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With bitcoin 0.4.0 I have encrypted my wallet. Now when I would want to use bitcoind, the only way to send money is to provide my wallet decryption key on the cmd line first. I do not want to do that as my password will show up in the shell history.

Is there a way to let bitcoind ask for the wallet passphrase?

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3 Answers 3

Anything you can do from the command line you can also do from the JSON API which means that the same unlock command could be sent from within code just as easily. To my knowledge there is no pre-built utility capable of this, but the API is simple enough that I can't imagine it being terribly difficult to actually build such a tool.


Edit: It was much easier than expected to do this in Python. Assuming you have Python's JSON-RPC module installed just use this code:

from jsonrpc import ServiceProxy
from getpass import getpass
access = ServiceProxy("http://127.0.0.1:8332")
pwd = getpass("Enter wallet passphrase: ")
access.walletpassphrase(pwd, 60)

Similarly you could call access.walletlock() to lock the wallet on demand and walletpassphrasechange(old, new) to change the passphrase without ever having it see the command line.


Edit 2: I also submitted an issue to the devs on github on your behalf.

Edit 3: A pull request containing my python scripts has been accepted. Downloading the bitcoin source from github now includes scripts for this purpose in contrib/wallettools

Edit 4: A new bug report was filed to request that the builtin command behaves properly.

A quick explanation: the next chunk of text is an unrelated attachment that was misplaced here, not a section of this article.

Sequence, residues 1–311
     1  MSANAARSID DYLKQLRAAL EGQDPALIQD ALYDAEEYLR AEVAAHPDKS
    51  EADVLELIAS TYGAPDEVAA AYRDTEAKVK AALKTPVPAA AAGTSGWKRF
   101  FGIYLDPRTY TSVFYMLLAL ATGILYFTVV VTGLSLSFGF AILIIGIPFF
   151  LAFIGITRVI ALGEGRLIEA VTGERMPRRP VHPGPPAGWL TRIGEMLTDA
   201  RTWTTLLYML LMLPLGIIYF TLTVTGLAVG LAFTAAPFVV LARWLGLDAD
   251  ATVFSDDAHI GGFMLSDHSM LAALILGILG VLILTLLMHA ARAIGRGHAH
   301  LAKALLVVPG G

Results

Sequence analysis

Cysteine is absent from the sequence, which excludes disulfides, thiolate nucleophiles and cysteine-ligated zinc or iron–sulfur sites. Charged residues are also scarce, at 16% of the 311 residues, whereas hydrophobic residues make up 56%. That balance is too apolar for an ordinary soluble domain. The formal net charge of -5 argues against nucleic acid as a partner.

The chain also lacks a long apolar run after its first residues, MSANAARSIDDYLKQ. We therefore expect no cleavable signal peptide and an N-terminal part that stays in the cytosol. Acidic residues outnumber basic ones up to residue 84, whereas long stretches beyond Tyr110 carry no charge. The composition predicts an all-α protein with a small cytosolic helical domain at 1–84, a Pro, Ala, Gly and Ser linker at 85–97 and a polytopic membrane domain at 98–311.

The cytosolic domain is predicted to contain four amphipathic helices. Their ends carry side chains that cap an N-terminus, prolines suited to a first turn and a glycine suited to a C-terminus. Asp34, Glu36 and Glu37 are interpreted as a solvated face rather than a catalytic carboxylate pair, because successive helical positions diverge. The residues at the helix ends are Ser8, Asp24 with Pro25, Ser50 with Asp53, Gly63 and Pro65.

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You can avoid having the password show up in the shell history like this:

$ read x
password goes here
$ bitcoind walletpassphrase "$x" 60
$ x=
$ 

The read x command reads the next line of text you type and puts it into a shell variable x.

The x= command overwrites the shell variable; otherwise $x will hold your password until you exit the current shell.

It shows up in the history like this:

2032  read x
2033  bitcoind walletpassphrase "$x" 60
2034  x=
2035  history

I expect the password will show up in /proc/ while the bitcoind command is running, but that should be only for a fraction of a second.

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While this hides the passphrase from the shell history it will still show up in other places (ps -ax or ps -ef, for example, will show the bitcoind command as invoked, including the value of $x) –  voretaq7 May 2 at 21:22
    
@voretaq7 no it doesnt show up in ps, see this updated question. –  vertoe May 3 at 7:35
    
It shows up in ps output for me, but only for as long as the bitcoind command takes to run, which is approximately no time at all. Try "sleep $x" where x is 999, then 'ps -ef | grep sleep' in another window to see it. –  Chris Moore May 4 at 5:47

While in command prompt press ALT+F7 to delete all commands stored in memory for the current history buffer.

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4  
That solves the problem for now but it's really not acceptable for the passphrase to appear in the buffer in the first place. Also, is the buffer held solely in memory or is it at some point written to disk? If so, does Alt+F7 securely destroy the contents of such files or simply delete them? –  David Perry Oct 3 '11 at 17:08
    
The buffer is held solely in memory, and assuming user won't forget to clear history, I don't see how it's less secure then having additional prompt for password. Because if a malicious program have access to cmd memory buffer that also means it can intercept password input directly from keyboard. –  Serith Oct 3 '11 at 21:23
    
I don't think it's memory-grabbing malware we're concerned with here so much as multi-user PCs and forgetting to clear the buffer. –  David Perry Oct 3 '11 at 23:14
    
What operating system does this keyboard shortcut work in? –  akaihola Oct 8 '11 at 4:22
    
@akaihola, Windows Command Prompt –  Serith Oct 8 '11 at 15:20

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